Following a strong start to January, most sharemarkets gave back their gains as the month ended.

The US sharemarket declined over January with the US Federal Reserve warning that the pace of the US economic recovery had weakened. Despite this, the US sharemarket sell-off towards the end of the month is best explained by abnormal retail investor activity (that came to be known as the ‘Gamestop frenzy’). As small and heavily shorted stocks rallied, some hedge funds were forced to close out their short positions and sell some of their long positions in order to raise capital, resulting in a modest, technically-driven market sell off.

The Eurozone and UK sharemarkets also posted negative returns in January. Across the Eurozone, a disruption in vaccine supply to the EU raised serious concerns, whilst political unrest in Italy compounded negative sentiment across the region. In the UK, the vaccine rollout picked up speed, although prolonged lockdown restrictions led to a decline in economic activity.

The MSCI World Index ex-Australia (hedged into AUD) (-0.8%) fell over January. In developed markets, Sweden (3.7%) and the Netherlands (3.0%) outperformed the broader market, while Germany (-8.5%) and Italy (-3.2%) underperformed. The MSCI Emerging Markets Index (unhedged) rose by 3.7%, outperforming unhedged developed markets (-0.4%). Unhedged returns were marginally higher than hedged returns as the AUD weakened against the USD over the month.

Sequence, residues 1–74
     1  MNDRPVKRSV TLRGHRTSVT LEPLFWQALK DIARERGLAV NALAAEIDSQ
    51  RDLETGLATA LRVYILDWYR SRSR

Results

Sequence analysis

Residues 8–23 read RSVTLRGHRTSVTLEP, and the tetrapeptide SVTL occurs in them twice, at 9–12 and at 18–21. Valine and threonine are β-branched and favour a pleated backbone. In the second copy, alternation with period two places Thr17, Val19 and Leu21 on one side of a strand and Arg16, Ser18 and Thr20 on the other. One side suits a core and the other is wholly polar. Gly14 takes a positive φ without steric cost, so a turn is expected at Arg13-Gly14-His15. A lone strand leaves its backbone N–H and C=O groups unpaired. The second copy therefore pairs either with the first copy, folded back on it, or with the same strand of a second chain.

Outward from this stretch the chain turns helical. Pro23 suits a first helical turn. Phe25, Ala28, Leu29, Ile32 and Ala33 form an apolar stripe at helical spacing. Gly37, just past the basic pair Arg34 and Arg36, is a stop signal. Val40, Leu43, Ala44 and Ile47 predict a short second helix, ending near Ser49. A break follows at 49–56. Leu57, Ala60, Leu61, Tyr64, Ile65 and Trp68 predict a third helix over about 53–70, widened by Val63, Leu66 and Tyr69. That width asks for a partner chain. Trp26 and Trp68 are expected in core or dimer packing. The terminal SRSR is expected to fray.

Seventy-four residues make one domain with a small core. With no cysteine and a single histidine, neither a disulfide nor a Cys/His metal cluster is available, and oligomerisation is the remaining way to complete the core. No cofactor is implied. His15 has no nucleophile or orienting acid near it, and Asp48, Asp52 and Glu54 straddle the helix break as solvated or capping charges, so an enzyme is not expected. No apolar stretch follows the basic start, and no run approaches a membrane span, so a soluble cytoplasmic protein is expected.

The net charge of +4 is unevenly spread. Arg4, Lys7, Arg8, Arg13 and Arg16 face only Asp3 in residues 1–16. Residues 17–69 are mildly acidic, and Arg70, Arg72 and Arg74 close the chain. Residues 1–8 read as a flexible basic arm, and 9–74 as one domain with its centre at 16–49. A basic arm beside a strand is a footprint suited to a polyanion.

The Australian sharemarket outperformed peers as positive economic data boosted returns. December quarter inflation exceeded expectations (+0.9%), whilst employment rose and the unemployment rate fell to 6.6%. Despite largely positive news, business confidence fell due to the COVID-related sporadic lockdowns and border restrictions seen across much of the country during December.

Australian sharemarket (S&P/ASX 300 Index) rose 0.3% in January. The top performing sector was Consumer Discretionary (+4.8%), which was driven by strong retail sales. Financials (+2.3%) also outperformed, driven largely by the big four banks. Real Estate (-4.1%) and Industrials (-3.1%) were the key detractors.

The Australian Dollar was mixed against the four major currencies over the month, depreciating against the USD (-0.6%) and GBP (-1.0%), but rising against the Euro (0.1%) and JPY (0.8%). Major bond yields generally rose over the month, with both the US and Australian 10-year yields finishing the month at 1.09%.

Note: For a review of the financial year to 30 June 2020, click here.

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